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Al Jazeera journalist Mohammed Fahmy stands behind bars at a court in Cairo May 15, 2014.STRINGER/EGYPT/Reuters

Footage of sheep and the international hit song of an Australian musician were included in the most recent evidence presented by Egyptian prosecutors in their case against a Canadian journalist and two of his colleagues.

Mohamed Fahmy, Peter Greste and Baher Mohamed were in court for a ninth time on Thursday on charges of conspiring to tarnish Egypt's reputation and of aiding the banned Muslim Brotherhood. Mr. Fahmy, the English-language bureau chief in Cairo for the Al Jazeera television network, holds both Egyptian and Canadian citizenship. He has been in prison with the other two Al Jazeera staff members since their arrest at a Cairo hotel on Dec. 29.

As promised, the prosecution showed the video evidence it has compiled against the three men that it refused to turn over to the defence last week without receiving a payment of approximately $180,000 CAD. Because the demand was rejected, neither the defendants nor their lawyers had seen the material before it was presented in court.

The prosecutors ran many hours of videos that they said were taken from the equipment confiscated from the Al Jazeera team at the time of the arrests.

"They hand-picked only one side of the story," Mr. Fahmy's brother, Adel Fahmy, said in a telephone interview from Cairo after the Thursday hearing ended.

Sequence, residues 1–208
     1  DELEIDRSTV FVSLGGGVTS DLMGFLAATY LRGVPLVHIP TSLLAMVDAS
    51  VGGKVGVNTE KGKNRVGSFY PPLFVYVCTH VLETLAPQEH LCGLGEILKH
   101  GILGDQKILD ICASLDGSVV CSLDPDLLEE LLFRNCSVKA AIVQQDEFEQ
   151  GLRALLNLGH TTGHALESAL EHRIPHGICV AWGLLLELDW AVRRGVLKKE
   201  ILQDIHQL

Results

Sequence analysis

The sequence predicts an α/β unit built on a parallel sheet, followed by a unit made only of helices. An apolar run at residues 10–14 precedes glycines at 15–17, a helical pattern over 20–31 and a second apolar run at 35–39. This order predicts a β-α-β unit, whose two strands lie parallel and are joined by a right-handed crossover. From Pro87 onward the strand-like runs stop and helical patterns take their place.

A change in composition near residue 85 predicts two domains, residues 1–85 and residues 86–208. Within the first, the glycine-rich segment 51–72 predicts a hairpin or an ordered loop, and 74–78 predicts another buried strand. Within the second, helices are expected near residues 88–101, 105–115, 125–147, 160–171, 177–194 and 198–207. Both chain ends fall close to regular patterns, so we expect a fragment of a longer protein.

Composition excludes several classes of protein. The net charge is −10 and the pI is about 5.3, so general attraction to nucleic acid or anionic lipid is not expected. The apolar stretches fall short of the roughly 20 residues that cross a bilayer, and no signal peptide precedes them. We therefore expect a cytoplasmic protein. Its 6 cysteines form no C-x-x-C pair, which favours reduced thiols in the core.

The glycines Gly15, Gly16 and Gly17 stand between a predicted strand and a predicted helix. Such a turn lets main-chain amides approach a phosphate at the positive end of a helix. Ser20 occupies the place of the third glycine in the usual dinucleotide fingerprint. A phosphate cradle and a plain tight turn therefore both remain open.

The clips that were displayed to the judge, he said, were selected to include interviews with people who support the Muslim Brotherhood and footage of protests against former army chief Abdel Fattah el-Sisi, the front-runner in next week's presidential election. But prosecutors left out interviews that the Al Jazeera team had conducted with people who are supportive of the existing regime, said Adel Fahmy.

Much of the evidence presented was "ridiculous," said Adel Fahmy.

It included, without explanation, a grainy recording of the hit song Somebody That I Used to Know by the Australian musician Gotye, as well as audioclips of people telling jokes, videos of sheep, footage from other correspondents, and a documentary about football in Egypt that Mr. Greste told the judge demonstrates the journalists' willingness to portray the country as being stable under the current military rulers.

The judge was also shown a photograph of Mohamed Fahmy standing behind former Egyptian military chief Mohamed Hussein Tantawi. Al Jazeera quoted reporters in the room as saying the picture had been doctored.

"But, doctored or not doctored," said Adel Fahmy, "there's nothing wrong with it because it was taken prior to the Muslim Brotherhood regime ..."

The prosecutors are blending the case against the journalists with the cases of actual members of the Muslim Brotherhood, said Adel Fahmy. The defence lawyer, he said, had to explain the distinction between the balanced work of journalists and the actions of those who those have physically opposed the government.

The case was adjourned to June 1.

Mohamed Fahmy, who faces 15 years in prison, previously worked for CNN and the BBC. He moved to Canada with his family 20 years ago. His parents, who live in Montreal, have travelled to Cairo for the hearing where they have been joined by their other two sons.

The imprisonment has sparked an international campaign for press freedom in the country that has been under military rule since the government of former president Mohammed Morsi was overthrown last July. U.S. President Barack Obama and other world leaders demanded the release of the journalists.

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